The Cleveland Indians have lurked below the headlines of the American League so far this season. The Tribe are on a pace to win 89 games in a league where four teams are on a pace to win 100-plus. But none of those teams (Yankees, Red Sox, Astros, Mariners) are in the AL Central, so Cleveland is still in first place.
Indian fans know as well as anyone that it’s simply about winning your division—last year, they won 102 games, including 22 straight down the stretch…but lost in the Division Series. Conversely, in 1997, they stumbled to first place in a weak division, but found their mojo in October and reached the World Series. So our focus here is twofold—what needs to happen to ensure Cleveland maintains its margin in the AL Central, and where do they need to get better between now and the postseason?
Cleveland is a mammoth 1-15 favorite to beat out Detroit and Minnesota for the division crown. Even with the Indians relatively middling pace so far this year, they still have a five-game lead going into a weekend series with the Tigers. There’s only one thing—short of something apocalyptic—that can get in the way of that continuing and it’s the bullpen.
The Indians rank 14th in the American League in bullpen ERA and it’s the sole reason they aren’t in the group of teams on 100-win pace. The main reason is that Andrew Miller first struggled to a 4.40 ERA and then went on the disabled list. He’s due back at some point before the All-Star break. Cody Allen, the closer, is better than his 3.86 ERA indicates. And while bullpens for every team have a roll of the dice feel to them, the teams with the best managers usually get something figured out over a six-month regular season. Terry Francona is nothing if not one of the best managers in the game.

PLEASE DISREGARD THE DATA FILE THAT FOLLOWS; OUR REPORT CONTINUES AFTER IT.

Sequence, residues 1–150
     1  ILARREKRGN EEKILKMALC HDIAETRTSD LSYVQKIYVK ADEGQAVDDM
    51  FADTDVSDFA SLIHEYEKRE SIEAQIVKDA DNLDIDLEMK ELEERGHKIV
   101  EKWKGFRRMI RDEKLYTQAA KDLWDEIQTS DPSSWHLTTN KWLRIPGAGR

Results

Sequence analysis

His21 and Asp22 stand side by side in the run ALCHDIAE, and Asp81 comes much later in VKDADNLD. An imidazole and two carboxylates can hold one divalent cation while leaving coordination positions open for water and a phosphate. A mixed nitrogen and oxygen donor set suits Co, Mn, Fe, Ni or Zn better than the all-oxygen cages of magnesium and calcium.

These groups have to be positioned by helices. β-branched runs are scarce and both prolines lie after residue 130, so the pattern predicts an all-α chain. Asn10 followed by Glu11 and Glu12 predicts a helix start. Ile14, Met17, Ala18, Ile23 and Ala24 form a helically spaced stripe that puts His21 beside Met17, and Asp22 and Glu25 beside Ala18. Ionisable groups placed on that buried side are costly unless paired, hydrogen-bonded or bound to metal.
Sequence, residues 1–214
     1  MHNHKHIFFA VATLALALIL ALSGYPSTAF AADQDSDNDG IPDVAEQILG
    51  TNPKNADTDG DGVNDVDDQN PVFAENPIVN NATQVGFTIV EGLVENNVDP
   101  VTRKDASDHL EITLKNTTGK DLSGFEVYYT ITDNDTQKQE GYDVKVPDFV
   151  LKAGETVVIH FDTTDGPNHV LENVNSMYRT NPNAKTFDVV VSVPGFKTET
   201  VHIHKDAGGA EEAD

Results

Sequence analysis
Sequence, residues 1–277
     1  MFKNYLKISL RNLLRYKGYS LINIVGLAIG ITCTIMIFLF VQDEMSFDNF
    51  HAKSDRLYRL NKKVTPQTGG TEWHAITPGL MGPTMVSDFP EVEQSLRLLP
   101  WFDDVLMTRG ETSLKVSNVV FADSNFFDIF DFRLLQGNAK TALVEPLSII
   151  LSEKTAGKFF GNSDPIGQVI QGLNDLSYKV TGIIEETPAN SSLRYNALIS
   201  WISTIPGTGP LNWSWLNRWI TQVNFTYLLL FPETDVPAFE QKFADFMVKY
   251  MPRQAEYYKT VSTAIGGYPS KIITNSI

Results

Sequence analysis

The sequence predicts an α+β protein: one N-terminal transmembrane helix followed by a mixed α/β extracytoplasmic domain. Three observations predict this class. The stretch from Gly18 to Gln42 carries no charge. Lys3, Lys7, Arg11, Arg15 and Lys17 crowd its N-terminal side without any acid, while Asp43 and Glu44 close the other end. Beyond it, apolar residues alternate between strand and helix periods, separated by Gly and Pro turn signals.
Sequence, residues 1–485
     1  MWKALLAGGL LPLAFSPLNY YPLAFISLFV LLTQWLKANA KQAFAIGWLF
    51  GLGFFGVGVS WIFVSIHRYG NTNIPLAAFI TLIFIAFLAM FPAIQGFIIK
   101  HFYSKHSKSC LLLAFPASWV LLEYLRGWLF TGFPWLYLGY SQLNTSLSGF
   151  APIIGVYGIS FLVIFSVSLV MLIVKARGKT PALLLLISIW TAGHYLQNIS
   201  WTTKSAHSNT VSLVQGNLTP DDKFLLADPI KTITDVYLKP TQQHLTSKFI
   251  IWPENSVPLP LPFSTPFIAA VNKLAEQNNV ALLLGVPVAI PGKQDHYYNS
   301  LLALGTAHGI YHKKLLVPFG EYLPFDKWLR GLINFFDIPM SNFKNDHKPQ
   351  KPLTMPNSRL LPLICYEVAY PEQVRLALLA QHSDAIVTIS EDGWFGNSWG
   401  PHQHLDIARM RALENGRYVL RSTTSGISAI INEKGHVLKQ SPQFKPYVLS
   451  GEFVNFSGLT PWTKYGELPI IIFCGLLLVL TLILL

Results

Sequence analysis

So in a worst-case scenario, Cleveland’s bullpen struggles continue and they stay in a close division race with mediocre opposition and likely still survive. In a best-case scenario, the bullpen locks in and the Tribe blow away the Central. I think the latter is what’s going to happen, but in terms of a strict focus on the AL Central, I don’t know that it matters all that much.
That brings us to a longer-term focus on October and the goal of winning three playoff rounds. For the sake of discussion, let’s say the Indians would have to beat the Astros, Yankees and Cubs in succession. Right now, they simply don’t have the starting pitching depth to do it.
On the surface, Cleveland’s starting pitching is fine, ranking second in the American League in ERA. But they are heavily dependent on Corey Kluber, the two-time Cy Young Award winner having another vintage year, with a 2.10 ERA in 16 starts. He’s got 11 wins and is rivaled only by Houston’s Justin Verlander at the top of the American League.
For now, Trevor Bauer (2.50 ERA in 15 starts) and Mike Clevinger (3.00 ERA, 15 starts) are pitching well, but I don’t know how much confidence I would have in them against the best teams in baseball. The Indians survived a Kluber-heavy rotation in 2016 to get to the World Series, but that was when their bullpen was a huge asset, not something that needed to be fixed. And even then, Kluber and Miller eventually ran out of gas from overuse in Game 7 of the World Series against the Cubs.
The ideal would be a silver-bullet solution to get another big-time starter in at the trade deadline, but that’s easier said than done. It’s usually easier to add depth or to improve it from within. In that regard, the biggest thing to watch in Cleveland during the summer is Carlos Carrasco. His ERA is 4.24 and his on the disabled list right now. Carrasco will be back before the break, but the injury was elbow inflammation, so we’ll need to see how he holds up the rest of the way.
The other name is Danny Salazar. His last two years have been marred with injuries, he’s currently on the DL and there’s no timetable for return. But if he could make it back, even in September, find his form and be the kind of pitcher that gives Francona some reliable innings in the playoffs, it might be just the little nudge the Indians need to get over the top.
Sitting here on June 21, Cleveland doesn’t have the look of a World Series team. But sometimes, for a long-suffering team, lurking below the radar is the better place to be. It turned out that way for the Washington Capitals in the NHL. We’ll see if it does for the Indians.